A lot of our conversations about memory loss include phrases like “fight against this terrible disease” and “loss of sense of self.” When I talk with people who have mild to moderate memory loss, though, many are more positive about their lives. They mention how much they enjoy gardening, the arts, animals, family and friends. Some say the “silver lining” of their memory loss is that they’ve become more appreciative, more spiritual and more able to live in the moment.
This less fearful view is starting to be reflected in the media. Last year, Newsweek published a piece about “pleasant dementia.” A recent Speaking of Faith interview and a new book by Dr. John Ziesel also present some positive aspects of memory loss.
In the Speaking of Faith interview, New York psychologist Alan Dienstag talks about what he’s learned from people in the support groups and early stage Alzheimer’s writers’ groups he moderates. He tells about their flashes of wisdom, and how their basic feelings - emotions, intuition and humor – are still there. He says his experiences have made him less afraid of dementia.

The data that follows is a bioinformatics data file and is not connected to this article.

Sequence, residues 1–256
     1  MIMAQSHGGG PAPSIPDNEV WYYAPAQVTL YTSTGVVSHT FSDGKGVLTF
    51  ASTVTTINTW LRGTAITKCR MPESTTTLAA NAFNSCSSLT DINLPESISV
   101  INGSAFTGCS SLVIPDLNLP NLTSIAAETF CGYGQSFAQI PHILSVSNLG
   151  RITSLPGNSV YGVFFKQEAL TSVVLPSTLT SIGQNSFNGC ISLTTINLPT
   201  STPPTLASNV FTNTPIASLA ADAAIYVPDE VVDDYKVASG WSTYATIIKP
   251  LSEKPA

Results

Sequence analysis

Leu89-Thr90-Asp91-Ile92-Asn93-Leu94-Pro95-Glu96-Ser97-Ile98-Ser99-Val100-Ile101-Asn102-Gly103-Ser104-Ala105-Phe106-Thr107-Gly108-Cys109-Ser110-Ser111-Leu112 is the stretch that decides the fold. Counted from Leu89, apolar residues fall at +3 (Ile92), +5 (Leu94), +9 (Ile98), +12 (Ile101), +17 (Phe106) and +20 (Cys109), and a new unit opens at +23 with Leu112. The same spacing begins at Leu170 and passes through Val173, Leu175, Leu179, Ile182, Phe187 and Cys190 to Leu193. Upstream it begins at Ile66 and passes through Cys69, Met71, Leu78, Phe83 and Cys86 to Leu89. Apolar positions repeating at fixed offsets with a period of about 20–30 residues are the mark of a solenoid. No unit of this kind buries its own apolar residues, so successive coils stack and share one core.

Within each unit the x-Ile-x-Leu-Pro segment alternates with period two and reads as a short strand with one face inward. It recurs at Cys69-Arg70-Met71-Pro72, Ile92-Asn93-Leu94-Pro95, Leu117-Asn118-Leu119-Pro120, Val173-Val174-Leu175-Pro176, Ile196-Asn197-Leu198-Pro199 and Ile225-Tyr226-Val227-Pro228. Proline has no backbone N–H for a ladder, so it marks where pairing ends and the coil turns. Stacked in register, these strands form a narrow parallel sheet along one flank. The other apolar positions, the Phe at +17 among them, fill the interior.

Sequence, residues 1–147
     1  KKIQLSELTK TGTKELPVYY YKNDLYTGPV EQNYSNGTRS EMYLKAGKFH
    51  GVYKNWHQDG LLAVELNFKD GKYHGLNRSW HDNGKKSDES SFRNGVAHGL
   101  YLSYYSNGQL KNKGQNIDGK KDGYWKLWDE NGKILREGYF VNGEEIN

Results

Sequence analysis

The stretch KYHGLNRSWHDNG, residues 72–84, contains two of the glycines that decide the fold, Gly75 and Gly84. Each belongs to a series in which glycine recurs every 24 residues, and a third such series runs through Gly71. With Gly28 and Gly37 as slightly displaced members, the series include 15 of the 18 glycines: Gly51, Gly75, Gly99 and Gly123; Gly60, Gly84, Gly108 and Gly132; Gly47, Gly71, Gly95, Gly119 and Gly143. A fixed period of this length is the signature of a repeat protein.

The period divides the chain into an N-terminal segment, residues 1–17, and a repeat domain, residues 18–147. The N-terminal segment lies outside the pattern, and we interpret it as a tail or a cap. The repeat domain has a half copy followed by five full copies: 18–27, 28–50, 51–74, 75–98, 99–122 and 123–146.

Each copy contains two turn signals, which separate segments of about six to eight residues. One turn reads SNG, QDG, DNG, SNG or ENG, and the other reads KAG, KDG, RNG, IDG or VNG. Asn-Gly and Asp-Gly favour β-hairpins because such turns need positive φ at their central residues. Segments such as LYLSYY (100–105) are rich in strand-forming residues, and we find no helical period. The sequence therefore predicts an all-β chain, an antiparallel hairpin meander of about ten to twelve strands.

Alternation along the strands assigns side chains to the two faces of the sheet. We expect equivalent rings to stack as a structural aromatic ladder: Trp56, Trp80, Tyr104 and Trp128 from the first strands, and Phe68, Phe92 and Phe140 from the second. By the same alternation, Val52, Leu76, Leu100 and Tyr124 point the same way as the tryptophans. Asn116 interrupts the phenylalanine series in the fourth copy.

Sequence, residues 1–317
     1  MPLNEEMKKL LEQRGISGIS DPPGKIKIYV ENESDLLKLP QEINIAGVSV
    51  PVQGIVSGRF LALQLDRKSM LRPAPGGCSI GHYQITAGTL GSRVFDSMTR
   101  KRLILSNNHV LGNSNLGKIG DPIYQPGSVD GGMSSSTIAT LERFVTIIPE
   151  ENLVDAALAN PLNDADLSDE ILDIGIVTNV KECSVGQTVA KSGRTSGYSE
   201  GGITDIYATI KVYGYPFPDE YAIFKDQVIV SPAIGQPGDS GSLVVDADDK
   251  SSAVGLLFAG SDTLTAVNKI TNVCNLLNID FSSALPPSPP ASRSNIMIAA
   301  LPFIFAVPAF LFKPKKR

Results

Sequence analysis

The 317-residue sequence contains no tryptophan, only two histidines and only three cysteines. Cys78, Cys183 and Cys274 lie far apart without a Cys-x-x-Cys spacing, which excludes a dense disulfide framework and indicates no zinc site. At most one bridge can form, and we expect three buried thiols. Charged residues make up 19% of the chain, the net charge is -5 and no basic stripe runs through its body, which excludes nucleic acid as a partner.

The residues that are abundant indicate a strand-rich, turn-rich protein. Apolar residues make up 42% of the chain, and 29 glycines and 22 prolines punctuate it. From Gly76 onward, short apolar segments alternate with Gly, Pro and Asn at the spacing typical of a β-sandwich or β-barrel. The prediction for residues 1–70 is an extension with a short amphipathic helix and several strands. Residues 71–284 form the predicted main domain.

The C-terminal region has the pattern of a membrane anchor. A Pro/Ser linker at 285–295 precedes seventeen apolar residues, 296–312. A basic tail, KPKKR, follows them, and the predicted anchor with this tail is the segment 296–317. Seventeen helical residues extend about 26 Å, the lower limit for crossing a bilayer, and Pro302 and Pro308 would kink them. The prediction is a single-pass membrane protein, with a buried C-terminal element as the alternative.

In his book I'm Still Here: A Breakthrough Approach to Understanding Someone Living with Alzheimer's, John Zeisel describes which memories and abilities often remain intact, and how certain capabilities (powers of observation, creative talents) may actually be enhanced. “The way the world see Alzheimer’s today is that a person is almost totally lost once he or she receives an Alzheimer’s diagnosis – lost both to themselves and to those who love them,” he writes. “But this just isn’t so.”
These articles, interviews and books don’t downplay the disabilities of people with memory loss or the burden on caregivers. They don’t question the need for more research and better care. They simply suggest an appreciation and respect for people with dementia that’s long overdue.